A big number of Americans are involved in the worst drug problem the US is facing.. The whole of America is fighting all the frustrating effects of the opioid epidemic that kills an average of 115 people every day due to overdose. The federal government declared the opioid crisis as a ‘national public health emergency’ last October 2017.

Minnesota is one of the states in America affected by the epidemic. However, Minnesota is ranked last in WalletHub’s ranking for drug use ranking by state.

Opioid Crisis

When compared to the other states, Minnesota might come in the least when it comes to opioid abusers, but they’re no exception to the crisis. The state has not escaped the epidemic with a recorded case of 395 opioid-related overdose deaths.

In the past, Minnesota only has problems with illegal drugs. But they recently jumped in the opioid bandwagon as prescription medications are becoming increasingly problematic. When used as prescribed, these drugs can be a big help especially for patients with illness like cancer. But misused opioids and other prescription drugs can lead to addiction and lead to fatality.

Methamphetamine Crisis

If there’s one common and dangerous substance abused in Minnesota, it’s methamphetamine. The state is considered as a home to a methamphetamine epidemic. The Minneapolis/St. Paul Statistical Area particularly struggles with a methamphetamine problem. When compared in 2005, the treatment admissions in the state in 2018 has way exceeded the number of admissions in 2005.

In total, statewide overdose deaths rosed steadily since 2000. Minnesota’s drug problem has very real causes and consequences. Depression, homelessness, and other forms of mental illness are comorbidities of substance abuse. These statistics form a disturbing picture of the state’s struggle with substance abuse and make a compelling call to take action.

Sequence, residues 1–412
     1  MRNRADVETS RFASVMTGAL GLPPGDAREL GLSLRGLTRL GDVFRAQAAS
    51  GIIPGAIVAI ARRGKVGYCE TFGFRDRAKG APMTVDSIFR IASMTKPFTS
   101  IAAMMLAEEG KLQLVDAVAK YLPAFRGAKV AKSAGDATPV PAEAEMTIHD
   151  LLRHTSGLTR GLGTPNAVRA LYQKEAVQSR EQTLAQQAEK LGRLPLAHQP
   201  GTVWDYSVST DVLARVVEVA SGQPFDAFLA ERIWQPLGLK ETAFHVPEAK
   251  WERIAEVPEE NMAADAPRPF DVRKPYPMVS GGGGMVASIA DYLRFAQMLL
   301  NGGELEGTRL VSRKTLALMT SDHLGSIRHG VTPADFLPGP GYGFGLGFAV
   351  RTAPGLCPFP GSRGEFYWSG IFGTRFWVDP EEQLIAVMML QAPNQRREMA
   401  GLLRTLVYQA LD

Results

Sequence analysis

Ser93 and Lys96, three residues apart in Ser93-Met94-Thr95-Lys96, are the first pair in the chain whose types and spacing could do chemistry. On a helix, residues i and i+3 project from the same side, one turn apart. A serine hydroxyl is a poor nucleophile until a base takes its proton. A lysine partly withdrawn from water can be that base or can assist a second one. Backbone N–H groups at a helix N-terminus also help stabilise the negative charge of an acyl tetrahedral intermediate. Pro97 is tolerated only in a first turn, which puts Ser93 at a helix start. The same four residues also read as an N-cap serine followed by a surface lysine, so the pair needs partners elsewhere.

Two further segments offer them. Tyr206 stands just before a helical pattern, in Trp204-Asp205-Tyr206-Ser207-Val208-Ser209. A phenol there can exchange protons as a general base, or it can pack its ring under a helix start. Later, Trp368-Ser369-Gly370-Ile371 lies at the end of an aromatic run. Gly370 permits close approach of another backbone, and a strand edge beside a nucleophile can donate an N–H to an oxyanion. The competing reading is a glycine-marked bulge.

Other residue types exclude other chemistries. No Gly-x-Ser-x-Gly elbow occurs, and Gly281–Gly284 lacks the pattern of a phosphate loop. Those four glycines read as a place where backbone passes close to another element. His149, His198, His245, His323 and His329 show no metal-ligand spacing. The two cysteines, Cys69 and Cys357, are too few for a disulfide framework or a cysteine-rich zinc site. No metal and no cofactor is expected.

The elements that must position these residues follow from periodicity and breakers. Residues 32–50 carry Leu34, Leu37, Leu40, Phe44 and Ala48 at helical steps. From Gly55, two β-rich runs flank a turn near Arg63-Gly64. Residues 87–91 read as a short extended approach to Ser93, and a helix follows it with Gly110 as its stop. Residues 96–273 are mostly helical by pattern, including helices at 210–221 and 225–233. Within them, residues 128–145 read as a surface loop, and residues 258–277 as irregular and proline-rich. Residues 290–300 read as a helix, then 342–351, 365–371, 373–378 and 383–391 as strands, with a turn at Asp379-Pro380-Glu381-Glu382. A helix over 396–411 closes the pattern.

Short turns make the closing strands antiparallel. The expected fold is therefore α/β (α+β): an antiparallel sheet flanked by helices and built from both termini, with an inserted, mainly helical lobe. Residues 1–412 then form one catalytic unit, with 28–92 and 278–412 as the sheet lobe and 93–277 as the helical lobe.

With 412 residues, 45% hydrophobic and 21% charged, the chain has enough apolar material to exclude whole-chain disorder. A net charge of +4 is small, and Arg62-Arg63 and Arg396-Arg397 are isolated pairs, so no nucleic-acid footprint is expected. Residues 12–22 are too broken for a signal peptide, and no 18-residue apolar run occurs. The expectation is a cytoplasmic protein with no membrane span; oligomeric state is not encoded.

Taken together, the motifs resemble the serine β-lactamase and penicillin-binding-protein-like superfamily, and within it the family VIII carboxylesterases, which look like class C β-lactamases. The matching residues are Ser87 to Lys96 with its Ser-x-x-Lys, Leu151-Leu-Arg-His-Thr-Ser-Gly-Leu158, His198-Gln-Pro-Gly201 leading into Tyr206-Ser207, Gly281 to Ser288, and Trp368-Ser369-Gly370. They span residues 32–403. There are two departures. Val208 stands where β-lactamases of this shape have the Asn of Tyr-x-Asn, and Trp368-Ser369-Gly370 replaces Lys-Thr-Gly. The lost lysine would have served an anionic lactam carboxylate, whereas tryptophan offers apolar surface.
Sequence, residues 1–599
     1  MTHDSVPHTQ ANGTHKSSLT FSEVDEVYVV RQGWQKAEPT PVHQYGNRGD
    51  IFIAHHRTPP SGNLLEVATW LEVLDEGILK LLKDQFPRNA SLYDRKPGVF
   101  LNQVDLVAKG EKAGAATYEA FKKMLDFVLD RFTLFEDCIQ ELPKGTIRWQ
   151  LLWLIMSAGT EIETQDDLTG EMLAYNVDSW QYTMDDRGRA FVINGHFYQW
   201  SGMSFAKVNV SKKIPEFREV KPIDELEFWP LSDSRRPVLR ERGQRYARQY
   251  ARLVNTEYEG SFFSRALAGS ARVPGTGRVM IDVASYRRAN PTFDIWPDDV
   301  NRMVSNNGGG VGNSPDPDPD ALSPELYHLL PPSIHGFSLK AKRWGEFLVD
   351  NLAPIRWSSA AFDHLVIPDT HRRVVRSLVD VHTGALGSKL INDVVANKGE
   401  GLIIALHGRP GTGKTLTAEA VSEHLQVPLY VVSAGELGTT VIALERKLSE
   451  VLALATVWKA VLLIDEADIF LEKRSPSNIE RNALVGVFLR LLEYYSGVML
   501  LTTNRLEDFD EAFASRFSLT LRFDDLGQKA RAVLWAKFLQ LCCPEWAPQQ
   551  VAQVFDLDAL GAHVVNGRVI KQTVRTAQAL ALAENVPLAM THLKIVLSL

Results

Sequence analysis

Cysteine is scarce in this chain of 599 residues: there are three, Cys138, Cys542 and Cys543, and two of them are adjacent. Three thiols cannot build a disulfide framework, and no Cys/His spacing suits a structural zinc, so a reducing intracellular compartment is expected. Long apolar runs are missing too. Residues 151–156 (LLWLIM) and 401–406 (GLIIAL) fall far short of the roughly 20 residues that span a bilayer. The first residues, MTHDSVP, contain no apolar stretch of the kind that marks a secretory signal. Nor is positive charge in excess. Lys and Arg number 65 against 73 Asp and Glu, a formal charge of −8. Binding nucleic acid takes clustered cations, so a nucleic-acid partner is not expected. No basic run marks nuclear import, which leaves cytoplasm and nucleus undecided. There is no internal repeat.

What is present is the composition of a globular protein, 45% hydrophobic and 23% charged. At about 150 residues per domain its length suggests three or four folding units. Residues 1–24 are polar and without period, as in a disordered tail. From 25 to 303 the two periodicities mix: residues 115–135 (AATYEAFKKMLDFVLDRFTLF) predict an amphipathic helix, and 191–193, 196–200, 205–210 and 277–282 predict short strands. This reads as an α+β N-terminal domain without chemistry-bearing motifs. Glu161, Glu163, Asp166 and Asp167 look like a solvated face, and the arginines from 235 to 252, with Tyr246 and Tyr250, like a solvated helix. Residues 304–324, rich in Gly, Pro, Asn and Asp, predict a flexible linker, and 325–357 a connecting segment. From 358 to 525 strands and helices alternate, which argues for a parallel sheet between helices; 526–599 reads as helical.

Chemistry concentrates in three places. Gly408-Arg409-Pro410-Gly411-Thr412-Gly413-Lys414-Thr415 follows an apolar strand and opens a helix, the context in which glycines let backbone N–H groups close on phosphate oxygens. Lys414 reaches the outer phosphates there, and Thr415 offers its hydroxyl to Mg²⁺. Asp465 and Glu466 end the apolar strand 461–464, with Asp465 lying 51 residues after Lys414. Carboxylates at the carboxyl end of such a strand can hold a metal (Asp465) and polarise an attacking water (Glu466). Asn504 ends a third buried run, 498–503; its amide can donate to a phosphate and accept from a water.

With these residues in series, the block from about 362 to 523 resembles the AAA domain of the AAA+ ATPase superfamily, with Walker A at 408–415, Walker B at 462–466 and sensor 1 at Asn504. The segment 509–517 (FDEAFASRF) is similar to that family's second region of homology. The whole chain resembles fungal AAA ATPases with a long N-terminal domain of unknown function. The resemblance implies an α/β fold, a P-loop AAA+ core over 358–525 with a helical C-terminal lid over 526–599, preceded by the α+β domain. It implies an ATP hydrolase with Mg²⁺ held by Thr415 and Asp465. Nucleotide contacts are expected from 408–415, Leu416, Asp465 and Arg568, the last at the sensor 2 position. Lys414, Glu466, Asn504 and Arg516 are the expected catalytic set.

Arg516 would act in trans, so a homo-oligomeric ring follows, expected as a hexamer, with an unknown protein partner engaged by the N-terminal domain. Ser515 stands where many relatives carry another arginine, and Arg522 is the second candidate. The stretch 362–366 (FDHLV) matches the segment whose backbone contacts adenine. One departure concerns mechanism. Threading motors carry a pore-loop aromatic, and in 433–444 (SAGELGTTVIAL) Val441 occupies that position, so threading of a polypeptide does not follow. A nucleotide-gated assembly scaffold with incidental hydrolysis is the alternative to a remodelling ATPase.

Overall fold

Alcohol Abuse

Aside from illegal drugs, alcohol abuse is also a problem in Minnesota. Almost 5% of adults in the state is abusing alcohol. 10% of these abusers belong in the age group between 18 and 20 while 13% are between 20 and 24 years old.


The statistics of the worsening drug problem in Minnesota may be lower than most other states, but it still needs immediate action from the government. As mentioned earlier, the treatment admissions in Minnesota has increased dramatically throughout the years. About 17% of area treatment admissions were from heroin, a record high.

Treatment services for abusers aim to aid the patient stop using the problem, live sober from drugs and alcohol to live a healthy, productive life.

There are several principles that a treatment program should follow to make sure it’s useful:

  • A comprehensive approach that issues the substance abuse and other patient needs. This approach includes other health or mental health problems, such as anxiety or depression
  • Medical detox including testing for infectious diseases like hepatitis B and C, HIV/AIDS and tuberculosis.
  • A reviewed and modified regularly treatment plan.
  • Counseling and behavioral therapies
  • Long-term follow-up care to lessen the danger of relapse

Cities of Minnesota

    • Assistance Request Form

    • Latest Sober Living Facilities